It can take 30 seconds to load just one webpage on the Darknet. There are only between 200,000 and 400,000 sites in it, but good luck finding the one you want when the only things that remotely resemble search engines are full of phony or out-of-date links. Who would use something so frustrating?
Researchers at Bat Blue Networks today released a report outlining the main actors and activities on the Darknet (or Dark Web) -- a subset of the Internet where the sites are unindexed and accessible only through the onion router (TOR) network.
First and foremost, they found a wide assortment of criminal marketplaces -- for human trafficking, child pornography, and murder.
Babak Pasdar, ethical hacker and CEO of Bat Blue, says that one of the most surprising findings in the research is "how innovative folks have gotten in gamifying certain acts, such as murder." He describes how some sites offer prizes for proof of kills.
From the report: "The Darknet is also a platform for new and innovative ways to commit crime. Empowered by the Darknet’s global reach and emboldened by the anonymity it offers, gamification and crowdfunding of crimes like murder and human trafficking represent an increasingly grim aspect of the Darknet."
As Gillian Ibach, Bat Blue lead cyber intelligence analyst explains, there is no honor among thieves. The lawlessness of the Darknet is so pervasive, that the criminals are scamming each other. She points to the example of human trafficking site Black Death requiring buyers to submit Bitcoin deposits in order to bid on "Nicole" -- an 18-year-old American girl whom the Bat Blue researchers believe didn't actually exist. The report cites other examples of sites that shut down suddenly, and made off with all the Bitcoins left in their customers' escrow accounts.
In addition to the traditional crimes, of course, there were marketplaces for cybercrime -- and government agencies were among the buyers.
"What's most surprising is how engaged and involved governments are in supporting and growing the Darknet," says Pasdar. As he explains, although the FBI and other government agencies are often shutting these sites down, they're also keen to be a part of the marketplace where some of the juiciest zero-day exploits will be bought and sold. "They want to be first to have dibs on it."
Of course, the Darknet is not just a place where illicit goods are bought and sold.
"It's also a platform for people who are desperate," says Pasdar, explaining the necessity of the Darknet's anonymity for individuals who live in oppressive governments. "They need a means and a method to communicate."
As the report states: "The United States government has a complex relationship with the Darknet. ... the U.S. Naval Research Laboratory originally created and released TOR browser. The U.S. government continues to research ways to anonymously browse the Internet and release new technology. The United States also releases new technology to foreign populations to promote dissidence against authoritarian regimes. At the same time, intelligence agencies monitor activity and attempt to trace TOR users for their own strategic purposes."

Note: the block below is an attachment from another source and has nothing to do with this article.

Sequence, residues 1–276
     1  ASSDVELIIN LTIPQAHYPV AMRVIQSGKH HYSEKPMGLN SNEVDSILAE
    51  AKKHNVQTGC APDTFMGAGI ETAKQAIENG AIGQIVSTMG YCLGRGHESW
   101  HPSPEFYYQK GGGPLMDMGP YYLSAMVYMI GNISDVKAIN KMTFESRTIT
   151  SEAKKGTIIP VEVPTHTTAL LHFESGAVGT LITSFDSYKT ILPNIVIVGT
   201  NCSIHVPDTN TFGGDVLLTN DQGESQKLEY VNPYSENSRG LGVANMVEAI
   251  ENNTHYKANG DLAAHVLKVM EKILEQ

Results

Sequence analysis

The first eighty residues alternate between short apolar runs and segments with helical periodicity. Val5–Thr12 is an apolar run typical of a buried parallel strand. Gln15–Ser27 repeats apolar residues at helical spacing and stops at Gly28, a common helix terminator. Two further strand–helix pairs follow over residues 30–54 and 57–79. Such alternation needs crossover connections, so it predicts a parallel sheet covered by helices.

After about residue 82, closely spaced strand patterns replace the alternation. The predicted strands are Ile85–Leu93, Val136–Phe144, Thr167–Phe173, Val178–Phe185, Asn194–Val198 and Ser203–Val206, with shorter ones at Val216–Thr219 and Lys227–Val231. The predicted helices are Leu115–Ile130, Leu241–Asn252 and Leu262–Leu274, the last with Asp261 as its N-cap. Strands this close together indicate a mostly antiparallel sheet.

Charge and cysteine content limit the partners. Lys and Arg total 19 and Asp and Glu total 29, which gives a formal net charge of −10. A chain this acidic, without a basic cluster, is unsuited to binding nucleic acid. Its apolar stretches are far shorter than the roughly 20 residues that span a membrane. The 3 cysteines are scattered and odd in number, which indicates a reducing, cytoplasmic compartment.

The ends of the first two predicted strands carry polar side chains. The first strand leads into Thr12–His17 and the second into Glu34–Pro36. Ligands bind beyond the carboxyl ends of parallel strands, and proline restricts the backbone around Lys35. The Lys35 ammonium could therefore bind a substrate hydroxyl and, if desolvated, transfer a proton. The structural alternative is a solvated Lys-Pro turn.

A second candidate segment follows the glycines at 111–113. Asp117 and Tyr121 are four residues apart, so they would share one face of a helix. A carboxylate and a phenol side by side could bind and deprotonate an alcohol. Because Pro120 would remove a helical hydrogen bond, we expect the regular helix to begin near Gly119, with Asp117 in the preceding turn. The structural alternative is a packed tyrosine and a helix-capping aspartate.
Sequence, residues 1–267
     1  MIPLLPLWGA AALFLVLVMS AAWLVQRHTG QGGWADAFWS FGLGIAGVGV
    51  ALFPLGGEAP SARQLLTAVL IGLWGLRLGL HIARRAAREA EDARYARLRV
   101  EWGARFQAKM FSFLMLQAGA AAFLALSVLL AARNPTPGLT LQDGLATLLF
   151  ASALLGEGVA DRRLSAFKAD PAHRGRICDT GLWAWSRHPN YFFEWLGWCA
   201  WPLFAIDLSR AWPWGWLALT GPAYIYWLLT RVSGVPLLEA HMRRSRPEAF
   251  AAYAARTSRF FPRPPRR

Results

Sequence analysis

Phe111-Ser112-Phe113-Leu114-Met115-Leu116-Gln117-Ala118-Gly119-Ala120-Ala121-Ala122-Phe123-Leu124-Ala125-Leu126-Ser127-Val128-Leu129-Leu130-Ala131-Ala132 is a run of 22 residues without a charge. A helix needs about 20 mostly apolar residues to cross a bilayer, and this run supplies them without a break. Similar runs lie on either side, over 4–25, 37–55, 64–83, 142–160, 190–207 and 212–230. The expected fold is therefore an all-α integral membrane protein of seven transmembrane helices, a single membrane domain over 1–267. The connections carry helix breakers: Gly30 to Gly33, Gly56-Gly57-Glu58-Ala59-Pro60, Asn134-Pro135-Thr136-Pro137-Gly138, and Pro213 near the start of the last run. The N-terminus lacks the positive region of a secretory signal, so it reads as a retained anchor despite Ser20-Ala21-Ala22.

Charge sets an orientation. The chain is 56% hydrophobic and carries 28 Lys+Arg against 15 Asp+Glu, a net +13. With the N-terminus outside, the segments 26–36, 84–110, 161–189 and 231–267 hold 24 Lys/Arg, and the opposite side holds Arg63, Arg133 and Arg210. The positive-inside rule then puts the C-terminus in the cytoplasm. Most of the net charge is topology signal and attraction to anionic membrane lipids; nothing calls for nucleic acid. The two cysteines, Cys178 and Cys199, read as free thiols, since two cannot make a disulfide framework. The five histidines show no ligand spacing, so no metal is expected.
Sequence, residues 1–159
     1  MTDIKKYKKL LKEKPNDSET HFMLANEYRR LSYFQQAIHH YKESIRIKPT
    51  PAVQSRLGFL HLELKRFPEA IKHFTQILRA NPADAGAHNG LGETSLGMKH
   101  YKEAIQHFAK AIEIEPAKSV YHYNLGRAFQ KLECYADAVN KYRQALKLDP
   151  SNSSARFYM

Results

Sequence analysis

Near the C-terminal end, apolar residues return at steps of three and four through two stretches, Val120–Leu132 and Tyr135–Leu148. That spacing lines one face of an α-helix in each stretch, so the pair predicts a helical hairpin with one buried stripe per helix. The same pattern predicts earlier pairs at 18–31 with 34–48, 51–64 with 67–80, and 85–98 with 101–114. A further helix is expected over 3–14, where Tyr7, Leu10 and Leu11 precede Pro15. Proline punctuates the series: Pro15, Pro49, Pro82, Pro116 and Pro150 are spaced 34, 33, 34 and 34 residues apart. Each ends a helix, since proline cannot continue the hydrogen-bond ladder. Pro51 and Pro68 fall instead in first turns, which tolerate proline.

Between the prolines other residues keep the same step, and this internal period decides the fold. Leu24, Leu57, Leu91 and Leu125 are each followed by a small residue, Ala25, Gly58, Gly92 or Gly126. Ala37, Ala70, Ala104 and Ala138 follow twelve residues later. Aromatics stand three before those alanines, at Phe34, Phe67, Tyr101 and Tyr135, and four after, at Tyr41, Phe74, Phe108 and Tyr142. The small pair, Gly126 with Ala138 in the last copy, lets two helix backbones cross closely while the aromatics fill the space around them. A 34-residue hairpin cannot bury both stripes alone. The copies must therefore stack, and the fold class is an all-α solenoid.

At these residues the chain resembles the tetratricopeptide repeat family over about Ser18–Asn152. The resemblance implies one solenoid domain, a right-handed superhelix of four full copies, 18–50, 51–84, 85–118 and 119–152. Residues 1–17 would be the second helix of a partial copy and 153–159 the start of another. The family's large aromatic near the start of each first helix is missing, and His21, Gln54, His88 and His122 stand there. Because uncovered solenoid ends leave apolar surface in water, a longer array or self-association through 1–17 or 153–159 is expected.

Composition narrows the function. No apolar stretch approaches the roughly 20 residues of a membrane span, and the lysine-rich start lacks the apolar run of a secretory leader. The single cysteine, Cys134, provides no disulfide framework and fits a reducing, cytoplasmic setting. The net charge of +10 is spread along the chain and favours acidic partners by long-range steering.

Although the U.S. may actively release TOR technology to foreign populations, there was some mild unrest recently when an American library decided to host a TOR relay node, to allow its visitors to surf the web anonymously, and access the Darknet. After Ars Technica ran a story about the Kilton Public Library in Lebanon, N.H. becoming the first library on the TOR network, the U.S. Department of Homeland Security reached out to the library's local police department to notify them about the dangers related to child exploitation on the dark web. (According to a report released in June by Trend Micro's Forward-Looking Threat Research Team, a startling 26 percent of the sites on the Darknet are child exploitation sites.)
The library volunteered to take down the TOR node until the library trustees could vote on it. Tuesday, the library trustees voted to restore TOR service, citing its usefulness not only to people in oppressive government regimes, but also to those suffering from domestic abuse. As the Concord Monitor reported:
"With any freedom there is risk,' library board Chairman Francis Oscadal said. 'It came to me that I could vote in favor of the good . . . or I could vote against the bad.
“I’d rather vote for the good because there is value to this.”
Pasdar is suspicious of the DHS's motivations for alerting the local police about the library's TOR node. "My concern is that government has other motives for doing what they're doing," he says. As he explains, government agencies might publicly discourage others to use onion routing -- because it inhibits intelligence agencies' ability to conduct surveillance -- and yet they may be happy to use the Darknet themselves, to shop on the marketplace for cyberweaponry. "I don't think they're as kind-hearted as they seem."
See the full report at batblue.com/the-darknet.Sara Peters is Senior Editor at Dark Reading and formerly the editor-in-chief of Enterprise Efficiency. Prior that she was senior editor for the Computer Security Institute, writing and speaking about virtualization, identity management, cybersecurity law, and a myriad ... View Full Bio